Marymount Centre is a voluntary welfare organisation set up by the Congregation of the Sisters of the Good Shepherd (Good Shepherd Sisters) to reach out to marginalised women and children in Singapore. It has been registered under the Charities Act of Singapore since 9 May 1984 and has obtained Institution of Public Character status.
Our Centre provides social services which include residential care, crisis shelter and student care to help these women and children.
“Marymount Centre’s mission of “Empowering Lives, restoring rights, upholding dignity” is not just to carry out our mission for our girls and women, because I experienced it first hand for…
“I had no idea what the job as a residential care staff in Marymount Centre entailed when my friend first recommended me the job. Innocently, I went for the job interview. I started as a volunteer and everything went on very smoothly. Soon after I started work, I had a shock when I experienced the residents flaring up, shouting at me and even threatening me. I did not understand why they did that when I only had good intentions towards them. I cried on a few occasions and eventually tendered my resignation. The Residential Manager and Social Worker counselled me. They put me in the shoes of the residents and helped me to understand that their outbursts stem from their pent-up emotions and trauma.
So, I tried to understand them. I tell myself that they must have their difficulties. My turning point came when I saw a usually quick tempered woman voluntarily cut toe nails for another woman who was injured. I was very touched by her humility and realised that the residents, no matter they how they behave, have their gentle side. I am still wary of their emotional outbursts, but I have learnt that they are stressed and overwhelmed by their problems. So I just give them time and space to calm down. After one year, I was awarded the “Most Improved Staff” as I am more confident about my work and I have grown to understand and really love the residents for who they are.”
Staff P, What Staff Says Good Shepherd Centre
“Marymount Centre’s mission of “Empowering Lives, restoring rights, upholding dignity” is not just to carry out our mission for our girls and women, because I experienced it first hand for myself too. A couple of years ago, I fell very ill. The doctors did not know what was wrong with me, but I was unable to work for a while. Even when at one point, it seemed there was no cure for my sickness, there was no talk by Marymount Centre’s management of asking me to leave the organization, but just lots of care, sympathy and support for me and my family members as I struggle through my illness. The Sisters prayed for me and got the girls to pray together for me every day too. I had all the medical benefits, all the medical leave and non-paid leave given to me for my recovery. I felt very cared for and supported both physically and spiritually. I have never experienced such care in other organizations that I worked before. This experience inspired me and kept me working here. In other ways, I also felt very trusted and supported by the management. Every training opportunity is given to me, both locally and overseas – Sanctuary Model training in Singapore, Mission Enrichment Journey in KL, Mission Link Gathering in Sabah, and all the way to Angers, France for a retreat and pilgrimage. I feel like a member of a family – the Marymount Centre Family and I am very blessed to be working here.”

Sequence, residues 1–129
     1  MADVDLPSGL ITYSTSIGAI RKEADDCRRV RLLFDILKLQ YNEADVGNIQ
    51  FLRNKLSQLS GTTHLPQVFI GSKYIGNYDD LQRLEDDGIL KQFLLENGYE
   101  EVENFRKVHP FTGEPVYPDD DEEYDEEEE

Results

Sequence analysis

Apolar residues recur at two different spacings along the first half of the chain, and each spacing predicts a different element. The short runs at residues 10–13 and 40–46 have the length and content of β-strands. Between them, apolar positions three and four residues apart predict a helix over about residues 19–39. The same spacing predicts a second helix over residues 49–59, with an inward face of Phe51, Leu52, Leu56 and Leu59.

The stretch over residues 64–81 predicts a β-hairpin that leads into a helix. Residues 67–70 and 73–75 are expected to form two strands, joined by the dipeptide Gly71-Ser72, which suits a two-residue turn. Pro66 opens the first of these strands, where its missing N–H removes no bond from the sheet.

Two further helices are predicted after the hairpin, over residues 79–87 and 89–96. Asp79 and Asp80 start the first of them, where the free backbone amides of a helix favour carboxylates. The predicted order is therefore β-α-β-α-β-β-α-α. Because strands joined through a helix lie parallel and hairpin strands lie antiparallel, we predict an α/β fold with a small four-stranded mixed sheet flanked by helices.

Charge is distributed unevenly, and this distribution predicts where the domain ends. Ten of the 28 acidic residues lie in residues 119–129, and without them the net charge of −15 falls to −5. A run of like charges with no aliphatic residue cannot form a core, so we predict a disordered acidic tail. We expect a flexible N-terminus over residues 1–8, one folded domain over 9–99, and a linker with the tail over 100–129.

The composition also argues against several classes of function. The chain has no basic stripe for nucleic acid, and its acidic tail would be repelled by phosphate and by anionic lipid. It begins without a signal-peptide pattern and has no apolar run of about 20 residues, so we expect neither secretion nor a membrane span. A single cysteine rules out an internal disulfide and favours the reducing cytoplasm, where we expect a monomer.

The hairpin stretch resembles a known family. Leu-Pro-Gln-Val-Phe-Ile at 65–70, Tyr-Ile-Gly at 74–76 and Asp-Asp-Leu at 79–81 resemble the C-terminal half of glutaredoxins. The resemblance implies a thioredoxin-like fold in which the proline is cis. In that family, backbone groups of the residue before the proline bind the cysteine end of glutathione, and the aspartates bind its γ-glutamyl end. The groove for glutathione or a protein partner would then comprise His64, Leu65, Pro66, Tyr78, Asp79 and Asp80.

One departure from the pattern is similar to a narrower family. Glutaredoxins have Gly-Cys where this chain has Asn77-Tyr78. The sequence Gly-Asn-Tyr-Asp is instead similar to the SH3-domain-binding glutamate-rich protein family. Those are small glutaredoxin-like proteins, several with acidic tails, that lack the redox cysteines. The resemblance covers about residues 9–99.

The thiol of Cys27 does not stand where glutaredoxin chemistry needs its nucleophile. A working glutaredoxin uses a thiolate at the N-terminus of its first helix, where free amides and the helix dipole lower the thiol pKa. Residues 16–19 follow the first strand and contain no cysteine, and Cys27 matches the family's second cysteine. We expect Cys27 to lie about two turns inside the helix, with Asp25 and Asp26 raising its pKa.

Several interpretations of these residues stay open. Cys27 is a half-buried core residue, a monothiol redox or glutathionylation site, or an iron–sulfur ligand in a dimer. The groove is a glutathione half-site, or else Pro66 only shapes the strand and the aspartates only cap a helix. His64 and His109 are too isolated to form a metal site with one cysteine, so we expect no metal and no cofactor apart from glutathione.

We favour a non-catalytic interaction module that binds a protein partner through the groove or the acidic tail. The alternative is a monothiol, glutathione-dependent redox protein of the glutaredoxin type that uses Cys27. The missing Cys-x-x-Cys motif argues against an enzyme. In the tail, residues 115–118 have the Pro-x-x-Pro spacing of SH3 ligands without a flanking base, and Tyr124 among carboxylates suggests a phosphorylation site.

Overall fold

Kamala, What Staff Says Good Shepherd Centre
“When I first came to this shelter, I was very scared because I could not speak English and I did not know anyone. Even as I got to know the people around me, I could not trust anyone. I was always angry. I thought about why I was here, my police case and my family back in Indonesia. So I became a tortoise that went into my shell. I did not join the activities in the shelter. I stayed in my room and slept a lot. I felt safe only in my shell. But the staff did not give up on the tortoise. They kept encouraging me to come out of my shell. I felt that the staff cared for me. Slowly, I started to trust them. I told them everything I felt inside. The tortoise became brave to stick my head out. Now, I smile and laugh more. I have friends and I join many activities. I like dancing and cooking. From the shelter, I learned to bake Chinese New Year cookies, for which staff and volunteers kindly contributed some money for me to send back to my family. The tortoise is happy and I do not need to hide in my shell anymore.”
A Tortoise, A Resident’s Story Good Shepherd Centre